The MIT Security Studies Program at the Center for International Studies in the School of Humanities, Arts, and Social Sciences, and Harvard Kennedy School’s Belfer Center for Science and International Affairs have launched a collaborative program to mentor the next generation of foreign policy scholars. The Project on Grand Strategy, Security, and Statecraft is made possible with support from the Charles Koch Foundation: a $1,846,200 grant to MIT and one for $1,853,900 to Harvard Kennedy School (HKS).MIT Professor Barry R. Posen, the Ford International Professor of Political Science and director of the Security Studies Program, and HKS Professor Stephen Walt, the Robert and Renée Belfer Professor of International Affairs, will jointly direct the program, which will provide pre- or postdoctoral fellowships to young scholars from a variety of disciplines working in the broad area of strategy and statecraft, with particular emphasis on the US and its role in the world. Read Full Story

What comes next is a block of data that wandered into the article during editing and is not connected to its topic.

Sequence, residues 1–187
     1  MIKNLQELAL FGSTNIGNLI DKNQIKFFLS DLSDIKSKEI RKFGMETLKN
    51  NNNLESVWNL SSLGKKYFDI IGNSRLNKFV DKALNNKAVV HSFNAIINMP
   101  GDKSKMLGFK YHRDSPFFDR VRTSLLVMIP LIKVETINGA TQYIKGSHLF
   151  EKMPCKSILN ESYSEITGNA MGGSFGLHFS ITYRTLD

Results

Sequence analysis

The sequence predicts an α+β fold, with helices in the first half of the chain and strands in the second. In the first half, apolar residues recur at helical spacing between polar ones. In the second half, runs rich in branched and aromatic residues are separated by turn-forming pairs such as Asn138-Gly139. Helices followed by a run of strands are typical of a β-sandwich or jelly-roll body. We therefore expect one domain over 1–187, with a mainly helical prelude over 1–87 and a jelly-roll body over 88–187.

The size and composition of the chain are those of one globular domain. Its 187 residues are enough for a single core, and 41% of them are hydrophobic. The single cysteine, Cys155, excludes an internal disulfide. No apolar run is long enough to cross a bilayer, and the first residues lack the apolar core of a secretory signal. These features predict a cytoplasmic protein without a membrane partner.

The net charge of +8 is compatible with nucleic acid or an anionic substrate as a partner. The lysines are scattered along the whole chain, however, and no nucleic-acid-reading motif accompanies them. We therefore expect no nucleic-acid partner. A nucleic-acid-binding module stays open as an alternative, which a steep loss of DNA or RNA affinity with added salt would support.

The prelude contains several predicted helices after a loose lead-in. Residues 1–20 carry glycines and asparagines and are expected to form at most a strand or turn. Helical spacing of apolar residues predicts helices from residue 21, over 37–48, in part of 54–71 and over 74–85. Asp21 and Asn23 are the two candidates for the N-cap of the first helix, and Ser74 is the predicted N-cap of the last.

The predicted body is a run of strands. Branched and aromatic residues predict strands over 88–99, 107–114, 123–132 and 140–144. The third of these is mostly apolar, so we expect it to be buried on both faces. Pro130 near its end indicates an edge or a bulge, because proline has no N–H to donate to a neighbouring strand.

What we know — and don’t know — about the coronavirus outbreak Chan School’s Marc Lipsitch, an infectious disease specialist who worked on the SARS epidemic, details what’s going on The Daily Gazette Sign up for daily emails to get the latest Harvard news. This is part of our Coronavirus Update series in which Harvard specialists in epidemiology, infectious disease, economics, politics, and other disciplines offer insights into what the latest developments in the COVID-19 outbreak may bring.The number of confirmed cases of the coronavirus that originated in Wuhan surged to nearly 17,400 by Monday, and a Harvard epidemiologist says that it’s likely as many as 100,000 are already infected, so he expects the official tally to continue to climb steeply.“Many epidemiologists and people who are following this outbreak closely are assuming that it’s probably quite a bit more widespread than the case counts suggest,” said Michael Mina, assistant professor of epidemiology at the Harvard T.H. Chan School of Public Health. “Many people also think that there’s probably over 100,000 in reality out in mainland China, for example. We just don’t capture all of those through the case reporting we have. … We can assume that this is growing at somewhat of an exponential rate, and it will continue increasing in scale.”Mina, who participated in a Facebook Live event sponsored by The Forum at Harvard T.H. Chan School of Public Health and PRI’s “The World,” discussed what’s known and unknown about the virus with The World reporter Elana Gordon. The 30-minute session drew an online audience of about 13,000.The virus originated in Wuhan, the largest city in central China, with a population of more than 11 million, and it spread rapidly there. More than 360 have died from the illness globally, nearly all of them in China, as are the vast majority of reported cases thus far, according to the World Health Organization’s Feb. 3 situation report. By comparison, 349 died in mainland China during the severe acute respiratory syndrome (SARS) outbreak in 2002 and 2003. The new coronavirus has been found in 23 countries, and international health authorities last week declared it a public health emergency of international concern. The first death outside China was reported Sunday, in the Philippines. Inside the U.S., 11 cases have been confirmed in six states. China’s national health commission, meanwhile, said 189,583 people have been identified as having had close contact with infected patients.Mina said knowledge is advancing rapidly, but the uncertainties around the new virus make it difficult to know even basic information, such as its death rate. The number of confirmed cases and deaths indicate that it is around 2 percent, significantly lower than SARS’ 10 percent. But if the case number is far larger, as is expected, it’s likely that the condition is fatal in far fewer cases than even the 2 percent, although the overall toll may be much higher.Those and additional uncertainties — such as government responses, their effectiveness, and self-protective steps individuals may take — make predicting the epidemic’s path difficult, Mina said. Quarantines can slow transmission but also have negative consequences such as limiting resources needed to respond to illness within the quarantine area.What’s known at this point, Mina said, is that it is a respiratory virus and so transmission is largely through droplets coughed or sneezed into the air. It is likely, he said, that the virus can survive for some time on surfaces like door knobs and tabletops, though transmission through that route is probably uncommon.,Wearing surgical masks in public is an effective way to prevent those who are already ill from spreading it, Mina said. They are less effective — though not entirely ineffective — at preventing those who are healthy from catching it. For the broader population, Mina said, the best advice remains the most basic: wash your hands and avoid touching your face.Though work on a vaccine has already begun, it will likely be at least a year — and probably longer — before one is available, Mina said. Even at modern medical science’s accelerated rate, vaccines are tricky to devise and take time.Drugs that ease the symptoms haven’t been identified yet, Mina said. It’s unlikely that the antiviral Tamiflu, used to fight the flu, will work, since the two viruses are different. Antibiotics are useless against a virus, but can help if there is a secondary bacterial infection. An anti-HIV drug has potential, Mina said, because it targets viral replication within the body.“There are some [potential drugs], and we hope that there will be more coming down the pipeline, especially if we start considering the real possibility is that this might become a virus that stays with us as humans for quite a while,” Mina said.Without a lot of medical tools at the ready, Mina said that care for those infected is largely supportive right now. That means sending mild cases home to recover in self-quarantine, while severe cases — which can include pneumonia — are given additional medical support while they recover.No guidance has been developed so far for places like university communities, where many people are in close contact and a contagion could spread rapidly. Mina said someone with a fever with cold or flu symptoms who is concerned about infection with the new coronavirus should seek medical attention and self-isolate until tests come back. Related